Karlovy Vary 2009, report by Nadja Hetesova
The high quality entries in the official competition this year, though representing a wide spectrum of ideas and backgrounds, are mostly about isolation and insecurity of the individual in the overchanging contemporary societies. The movies are all credible and true to the vision of their authors, however we find the following films standing out from the rest.
Don Quijote Prize
Un ange à la mer (Angel at the Sea), Belgium/Canada 2009, D: Frédéric Dumont
A truly independant and commendable effort. A well portrayed psychological drama without depending on a conventional story telling. It considers the audience nature enough and avoids spoonfeeding. The multi dimensional character studies are well supported by the wonderfull cast. The ideas which work on conceptual level also work in practice like isolation, claustrophobia, insecurity and unconditional love.
Angel at Sea | Un ange à la mer
Director: Frédéric Dumont
Belgium, Canada, 2009, 86 min
Twelve-year-old Louis lives with his parents and older brother in a small town in southern Morocco. Louis is a happy boy until the moment when his father tells him a secret that only they will share. This successful feature debut relies on excellent performances by Olivier Gourmet, Anne Consigny, and especially the convincing Martin Nissen as Louis. The movie is gorgeous to look at, and features a gripping story.
Volčok (Wolfy), Russia, 2009, D: Vasilij Sigarev
An intense and focused screenplay that was treated with similar focus visually. Theatre influences are obvious but welcome. The dark, brooding and atmospheric drama of a mother and her daughter is cinematographically overwelming which gives Wolfy its unique quality. Fantasy and reality as well as their two main characters dwell in this amazing film.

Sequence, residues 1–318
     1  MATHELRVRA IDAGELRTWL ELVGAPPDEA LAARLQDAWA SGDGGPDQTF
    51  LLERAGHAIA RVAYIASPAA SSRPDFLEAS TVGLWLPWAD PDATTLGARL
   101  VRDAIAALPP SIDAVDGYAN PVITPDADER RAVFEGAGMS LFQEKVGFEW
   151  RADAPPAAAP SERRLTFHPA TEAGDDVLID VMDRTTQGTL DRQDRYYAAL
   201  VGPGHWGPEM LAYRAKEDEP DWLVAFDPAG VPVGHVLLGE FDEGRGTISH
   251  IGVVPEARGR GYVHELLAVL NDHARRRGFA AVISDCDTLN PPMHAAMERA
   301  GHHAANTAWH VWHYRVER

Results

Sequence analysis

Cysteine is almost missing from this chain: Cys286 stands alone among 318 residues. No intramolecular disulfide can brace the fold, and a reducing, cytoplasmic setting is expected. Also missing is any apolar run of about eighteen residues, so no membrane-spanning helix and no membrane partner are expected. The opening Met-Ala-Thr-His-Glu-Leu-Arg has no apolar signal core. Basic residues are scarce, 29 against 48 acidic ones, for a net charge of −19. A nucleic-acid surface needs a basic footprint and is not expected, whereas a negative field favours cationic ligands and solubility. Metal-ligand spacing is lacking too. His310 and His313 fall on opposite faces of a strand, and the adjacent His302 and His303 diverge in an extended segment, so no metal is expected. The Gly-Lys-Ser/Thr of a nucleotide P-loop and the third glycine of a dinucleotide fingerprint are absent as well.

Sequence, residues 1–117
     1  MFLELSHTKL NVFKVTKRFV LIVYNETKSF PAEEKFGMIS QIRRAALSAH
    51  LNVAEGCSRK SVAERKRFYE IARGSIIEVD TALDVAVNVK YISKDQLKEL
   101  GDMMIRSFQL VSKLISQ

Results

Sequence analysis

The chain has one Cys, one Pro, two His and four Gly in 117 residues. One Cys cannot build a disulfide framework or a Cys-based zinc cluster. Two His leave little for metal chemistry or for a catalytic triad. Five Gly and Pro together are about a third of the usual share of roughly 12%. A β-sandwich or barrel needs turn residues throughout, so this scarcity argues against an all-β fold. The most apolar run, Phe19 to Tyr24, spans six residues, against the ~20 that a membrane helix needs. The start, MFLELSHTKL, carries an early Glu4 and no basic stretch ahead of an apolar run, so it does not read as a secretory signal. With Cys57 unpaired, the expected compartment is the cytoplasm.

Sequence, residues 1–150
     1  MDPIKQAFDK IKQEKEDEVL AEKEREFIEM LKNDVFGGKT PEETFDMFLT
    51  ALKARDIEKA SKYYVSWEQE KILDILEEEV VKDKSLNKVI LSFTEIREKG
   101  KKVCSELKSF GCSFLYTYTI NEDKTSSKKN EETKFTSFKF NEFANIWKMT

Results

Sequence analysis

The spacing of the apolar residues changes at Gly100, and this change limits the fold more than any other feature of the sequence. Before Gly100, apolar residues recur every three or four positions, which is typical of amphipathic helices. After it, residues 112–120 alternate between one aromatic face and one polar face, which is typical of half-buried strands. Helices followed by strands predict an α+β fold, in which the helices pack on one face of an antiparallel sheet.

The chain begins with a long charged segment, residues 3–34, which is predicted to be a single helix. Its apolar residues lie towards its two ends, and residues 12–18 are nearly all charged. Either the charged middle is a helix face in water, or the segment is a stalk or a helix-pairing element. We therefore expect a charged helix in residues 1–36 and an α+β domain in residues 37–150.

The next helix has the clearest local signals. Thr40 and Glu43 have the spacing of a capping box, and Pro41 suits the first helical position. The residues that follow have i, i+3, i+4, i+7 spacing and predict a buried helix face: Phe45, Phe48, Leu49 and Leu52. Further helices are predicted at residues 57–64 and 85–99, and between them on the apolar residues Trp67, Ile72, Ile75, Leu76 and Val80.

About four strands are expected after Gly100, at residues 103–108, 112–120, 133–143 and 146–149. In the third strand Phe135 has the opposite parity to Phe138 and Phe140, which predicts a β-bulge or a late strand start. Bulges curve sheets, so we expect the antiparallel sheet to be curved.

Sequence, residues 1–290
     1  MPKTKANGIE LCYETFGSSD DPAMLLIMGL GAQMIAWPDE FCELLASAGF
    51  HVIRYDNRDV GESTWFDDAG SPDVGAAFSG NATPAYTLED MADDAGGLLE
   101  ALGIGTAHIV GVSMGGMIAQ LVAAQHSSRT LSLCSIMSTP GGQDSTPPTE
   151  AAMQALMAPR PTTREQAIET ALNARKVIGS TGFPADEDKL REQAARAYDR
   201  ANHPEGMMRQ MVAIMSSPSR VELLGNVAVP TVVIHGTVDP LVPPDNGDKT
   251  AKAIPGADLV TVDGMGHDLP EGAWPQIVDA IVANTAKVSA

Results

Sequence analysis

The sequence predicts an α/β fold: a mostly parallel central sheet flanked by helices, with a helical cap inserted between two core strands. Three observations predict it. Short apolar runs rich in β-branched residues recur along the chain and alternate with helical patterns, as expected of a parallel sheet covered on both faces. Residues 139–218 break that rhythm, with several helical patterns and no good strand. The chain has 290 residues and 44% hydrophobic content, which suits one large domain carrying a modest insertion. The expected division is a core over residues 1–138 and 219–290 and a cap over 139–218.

Wolfy | Volčok
Director: Vassily Sigarev
Russia, 2009, 86 min
From the very start of the film it’s clear that, for Mother, the birth of Daughter is an unwelcome burden, and that’s how it’ll always be. Until, one day, when it’s too late, Mother realizes that she has not only ruined her own life, but her daughter’s as well. Despite his young age, Vassily Sigarev has written 18 stage plays, one of which, Plasticine, was performed in Prague’s DISK theatre five years ago. His film debut, based on his own play, demonstrates that Sigarev is well able to convey his own, distinctive style to the big screen just as effectively as he has done for the stage. Wolfy recently took the top award at the Kinotavr festival of Russian films in Sochi.
Cold Soul, USA 2008, D: Sophie Barthes
The metaphysical comedy, which in itself is a rare genre, has a strong plotting. The complex idea was (mise en scéne) without gimmicks. Supported by an amazing performance of the main actor Paul Giamatti, the film is also a parody of the preconcepts between east and west and body and soul.
Cold Souls | Cold Souls
Director: Sophie Barthes
USA, 2008, 101 min
A melancholic comedy by debuting Sophie Barthes which presents Paul Giamatti as a New York stage actor who decides to confront his approaching nervous breakdown by having his soul extracted and deep-frozen. Gogol, Buñuel, Jung and Woody Allen were the inspiration behind this original film, screened for the first time at this year’s Sundance festival.